10. A process for attaching a wheel cover to a wheel according to claim 9, wherein a sealant is provided around at least one of the periphery of a wheel cover brake vent openings formed in the wheel cover and lug bolt openings formed in the wheel cover.

11. A process for attaching a wheel cover to a wheel according to claim 9, wherein the second work station comprises an oven.

12. A process for attaching a wheel cover to a wheel according to claim 9, wherein the clamping plate includes a plurality of pivotal latch elements and the clamping mechanism comprises an axially movable shaft having a distal end that is configured to engage upper ends of the pivotal latch elements and pull the clamping plate towards the carrier.

13. A process for attaching a wheel cover to a wheel according to claim 9, wherein the clamping mechanism further includes a spring biasing assembly.

14. A process for attaching a wheel cover to a wheel according to claim 9, wherein the wheel includes a valve stem opening and the clamping mechanism further includes a sealing element for sealing the valve stem opening.

15. A process for attaching a wheel cover to a wheel according to claim 9, wherein an at least one of an adhesion promoter, curing agent and accelerating agent is applied to at least one of the inboard surface of the wheel cover and the outboard surface of the wheel.

Description:

TECHNICAL FIELD

The present invention relates to vehicle wheels that have decorative wheel covers secured over the wheels for aesthetic purposes. More specifically, the present invention relates to methods for adhesively securing decorative wheel covers to wheels during fabrication of the resulting wheel assemblies.

BACKGROUND ART

Wheel assemblies that utilize wheel appliqués to decorate the external or outboard surfaces of plain steel wheels are well known and are far less expensive to produce than decorative wheels that have to be formed and finished.

Wheel appliqués can be secured to wheels by various mechanical engaging structures and/or by adhesives. U.S. Pat. No. 5,664,845 to Maloney et al. discloses a vehicle wheel cover retention system in which the annular lip of the wheel cover is configured to spring outwardly into a groove provided in the inner surface of the wheel. U.S. Pat. No. 5,595,423 to Heck et al. discloses a vehicle wheel cover retention system in which the outer end of the wheel cover is deformed to cover the outer peripheral end of the outboard bead seat retaining flange of the wheel. Both U.S. Pat. No. 5,664,845 to Maloney et al. and U.S. Pat. No. 5,595,423 to Heck et al. utilize an adhesive in cooperation with their respective mechanical engaging structures.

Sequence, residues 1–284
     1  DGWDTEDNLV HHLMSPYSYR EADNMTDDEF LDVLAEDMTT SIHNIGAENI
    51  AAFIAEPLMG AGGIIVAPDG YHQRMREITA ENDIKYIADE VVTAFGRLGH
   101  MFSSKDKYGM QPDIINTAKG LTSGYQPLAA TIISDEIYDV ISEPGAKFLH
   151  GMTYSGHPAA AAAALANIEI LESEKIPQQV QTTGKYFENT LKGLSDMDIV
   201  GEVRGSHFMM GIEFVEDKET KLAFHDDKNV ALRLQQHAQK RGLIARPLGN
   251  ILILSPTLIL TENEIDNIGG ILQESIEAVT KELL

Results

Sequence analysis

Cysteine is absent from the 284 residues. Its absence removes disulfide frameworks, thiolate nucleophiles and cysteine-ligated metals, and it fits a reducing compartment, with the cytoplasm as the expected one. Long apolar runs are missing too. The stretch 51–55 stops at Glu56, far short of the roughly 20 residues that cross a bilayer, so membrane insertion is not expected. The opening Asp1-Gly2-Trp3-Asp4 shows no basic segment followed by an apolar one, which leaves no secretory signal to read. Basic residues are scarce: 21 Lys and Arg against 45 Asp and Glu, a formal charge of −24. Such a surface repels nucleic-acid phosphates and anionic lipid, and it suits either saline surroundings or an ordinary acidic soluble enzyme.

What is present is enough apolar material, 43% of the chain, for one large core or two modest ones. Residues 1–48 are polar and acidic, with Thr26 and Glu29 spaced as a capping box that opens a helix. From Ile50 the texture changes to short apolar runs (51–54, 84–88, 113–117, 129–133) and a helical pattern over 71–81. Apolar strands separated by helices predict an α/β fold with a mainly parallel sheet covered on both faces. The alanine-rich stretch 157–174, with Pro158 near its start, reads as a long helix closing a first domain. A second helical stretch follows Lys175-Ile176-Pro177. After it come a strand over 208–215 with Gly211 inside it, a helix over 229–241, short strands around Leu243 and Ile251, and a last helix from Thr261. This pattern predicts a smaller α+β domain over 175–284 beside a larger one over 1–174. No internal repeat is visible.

Many wheel assemblies include decorative wheel covers that are adhesively attached to underlying wheels. U.S. Pat. No. 3,669,501 to Derleth discloses the use of a foamable adhesive that is used to secure a decorative cover to a wheel. The decorative cover in Derleth is configured to have variations in contour in a direction transverse to the axis of the wheel which exceed the variations in the rim and/or disc contour of the wheel, which variations would be extremely difficult and expensive, if not impossible, to stamp or draw in the disc of the wheel. During assembly, a foamable adhesive is coated on the wheel, and the decorative cover is then quickly clamped to the wheel before the adhesive begins to foam. As the adhesive foams, void spaces between the wheel and cover are filled with the foamable adhesive.

Turbine openings which can be decoratively designed are a necessary element in today's wheel systems in providing proper cooling to brake systems. In addition the aesthetics of endless configurations of turbine openings add individuality and style to a vehicle wheels. The inclusion of turbine openings in wheels and wheel covers creates problems with the use of adhesives. In order to use foamable adhesives, it would be necessary to use some additional structure to seal large openings such as turbine openings to prevent the foamable adhesive from escaping through the openings rather than spread evenly or completely between a wheel and wheel cover.